Official sources said Monday the cabinet last week decided not to table the Town and Country Planning (amendment) Bill in the upcoming winter session of the assembly, beginning on December 5.

The bill would now be tabled in the budget session next year, a government functionary said.

"The decision to delay the tabling of the bill is just to give enough time to certain builders and influential people to complete the illegal constructions and then it get it legalised with the coming of the new act," an official of the state's town and country planning department said.

The government so far has not specified any cutoff date to get illegal constructions regularised by paying a composition fee. This gives an ample time to the violators to go on with their constructions, said the official.  

"When the illegal structures were raised by certain influential people, including the politicians, why action was not taken at that time," said a senior Congress leader, who wished not to be named.

"Successive governments have treated the act as a populist measure. Several amendments have been carried out in the existing act to benefit the defaulters," he added.

The government in August brought an ordinance, the Himachal Pradesh Town and Country Planning Act of 1977 (amendment) Ordinance 2014, which would enable the violators to pay prescribed fees to get the buildings, both commercial and residential, regularised.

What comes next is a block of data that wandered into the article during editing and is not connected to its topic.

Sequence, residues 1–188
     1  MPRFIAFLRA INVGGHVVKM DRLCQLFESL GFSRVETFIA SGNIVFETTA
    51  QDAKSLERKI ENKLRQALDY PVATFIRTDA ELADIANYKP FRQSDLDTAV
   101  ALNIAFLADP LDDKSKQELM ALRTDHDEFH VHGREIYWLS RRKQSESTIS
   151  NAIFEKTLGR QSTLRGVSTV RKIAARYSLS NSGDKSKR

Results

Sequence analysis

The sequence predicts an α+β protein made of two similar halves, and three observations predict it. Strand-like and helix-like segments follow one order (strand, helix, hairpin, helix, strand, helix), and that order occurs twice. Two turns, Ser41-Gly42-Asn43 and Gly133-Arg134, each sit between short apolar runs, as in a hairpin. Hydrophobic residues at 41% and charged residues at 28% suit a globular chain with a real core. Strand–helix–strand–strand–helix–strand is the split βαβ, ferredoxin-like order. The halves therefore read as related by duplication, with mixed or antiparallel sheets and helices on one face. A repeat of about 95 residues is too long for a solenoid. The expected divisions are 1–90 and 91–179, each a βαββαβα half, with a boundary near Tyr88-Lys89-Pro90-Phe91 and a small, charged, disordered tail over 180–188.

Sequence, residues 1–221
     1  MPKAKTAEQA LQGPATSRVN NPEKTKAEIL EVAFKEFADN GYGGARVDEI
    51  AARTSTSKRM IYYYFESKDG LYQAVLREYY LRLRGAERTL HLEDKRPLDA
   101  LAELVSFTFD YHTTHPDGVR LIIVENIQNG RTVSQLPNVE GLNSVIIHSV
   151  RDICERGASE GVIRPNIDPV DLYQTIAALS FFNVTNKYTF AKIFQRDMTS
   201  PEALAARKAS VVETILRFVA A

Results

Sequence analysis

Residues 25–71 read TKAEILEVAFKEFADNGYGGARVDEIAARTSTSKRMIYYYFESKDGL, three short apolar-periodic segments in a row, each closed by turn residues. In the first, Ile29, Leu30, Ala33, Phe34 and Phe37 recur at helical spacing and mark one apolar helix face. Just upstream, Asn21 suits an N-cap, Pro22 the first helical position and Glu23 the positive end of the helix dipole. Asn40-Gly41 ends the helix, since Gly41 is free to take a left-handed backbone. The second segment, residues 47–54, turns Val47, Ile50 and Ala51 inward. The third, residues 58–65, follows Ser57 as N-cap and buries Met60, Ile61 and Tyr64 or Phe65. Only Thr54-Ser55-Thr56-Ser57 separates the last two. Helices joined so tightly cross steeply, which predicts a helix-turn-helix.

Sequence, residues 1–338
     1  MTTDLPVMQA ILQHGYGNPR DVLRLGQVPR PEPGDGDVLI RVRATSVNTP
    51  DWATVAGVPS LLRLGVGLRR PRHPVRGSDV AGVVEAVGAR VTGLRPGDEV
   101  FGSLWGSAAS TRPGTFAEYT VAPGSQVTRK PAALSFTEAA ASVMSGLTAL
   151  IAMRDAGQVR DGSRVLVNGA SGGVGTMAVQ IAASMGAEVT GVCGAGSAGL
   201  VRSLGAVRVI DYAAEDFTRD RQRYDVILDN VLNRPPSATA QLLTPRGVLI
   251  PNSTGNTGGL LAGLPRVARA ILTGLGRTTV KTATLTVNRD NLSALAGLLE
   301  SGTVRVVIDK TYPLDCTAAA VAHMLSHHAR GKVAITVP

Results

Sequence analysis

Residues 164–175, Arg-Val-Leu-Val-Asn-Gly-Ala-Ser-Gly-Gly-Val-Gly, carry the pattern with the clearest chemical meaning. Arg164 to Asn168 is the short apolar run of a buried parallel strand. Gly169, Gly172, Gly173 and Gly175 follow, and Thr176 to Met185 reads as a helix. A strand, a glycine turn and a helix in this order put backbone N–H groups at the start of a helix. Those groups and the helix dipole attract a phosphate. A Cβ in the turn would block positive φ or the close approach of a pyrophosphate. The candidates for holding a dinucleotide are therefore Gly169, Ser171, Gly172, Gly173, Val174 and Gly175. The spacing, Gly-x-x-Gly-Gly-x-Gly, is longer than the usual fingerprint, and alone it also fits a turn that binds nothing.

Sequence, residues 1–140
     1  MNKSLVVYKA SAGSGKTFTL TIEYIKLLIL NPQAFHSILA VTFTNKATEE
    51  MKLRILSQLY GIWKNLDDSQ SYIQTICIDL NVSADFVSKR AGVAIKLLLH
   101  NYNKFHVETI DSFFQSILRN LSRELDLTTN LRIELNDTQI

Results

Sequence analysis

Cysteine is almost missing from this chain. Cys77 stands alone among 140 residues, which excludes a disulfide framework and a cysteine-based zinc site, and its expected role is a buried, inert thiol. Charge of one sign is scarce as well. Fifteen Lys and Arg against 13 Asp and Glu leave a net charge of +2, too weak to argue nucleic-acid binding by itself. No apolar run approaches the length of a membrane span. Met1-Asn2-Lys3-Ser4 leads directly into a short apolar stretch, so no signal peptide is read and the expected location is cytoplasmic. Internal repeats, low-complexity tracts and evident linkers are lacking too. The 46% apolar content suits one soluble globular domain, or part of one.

But fearing a backlash, the government withdrew the ordinance a month later. The ordinance possessed certain legal inadequacies as well.

Justifying the delay in tabling the bill to amend the Himachal Pradesh Town and Country Planning Act of 1977, Urban Development Minister Sudhir Sharma said the government is awaiting the opinion of the National Green Tribunal, a judicial body, with regard to providing relaxations to plot owners in the green belt in Shimla town.

"We are taking legal view and need more time to bring amendments to the existing act. But we have already conducted video recording of the existing violations," he said.

The government Feb 19 introduced the Himachal Pradesh Town and Country Planning (Amendment) Bill, 2014, in the assembly.

At that time, the urban development minister said the amendment was necessitated as the "high court had taken a serious notice of the grim situation and asked the government not to regularise the total unauthorised constructions".

"Considering this and the practice followed in other metropolitan cities to deal with the illegal constructions, it has been considered more appropriate to make a special provision in the Himachal Pradesh Town and Country Planning Act of 1977 for a specific period of one year as a one-time exemption by charging composition fee," he had said.

The minister had said demolition of such large-scale, unauthorised constructions was neither feasible nor practical.

Later, expecting a backlash from the opposition BJP, Chief Minister Virbhadra Singh decided not to go ahead with it and referred the bill to a committee.

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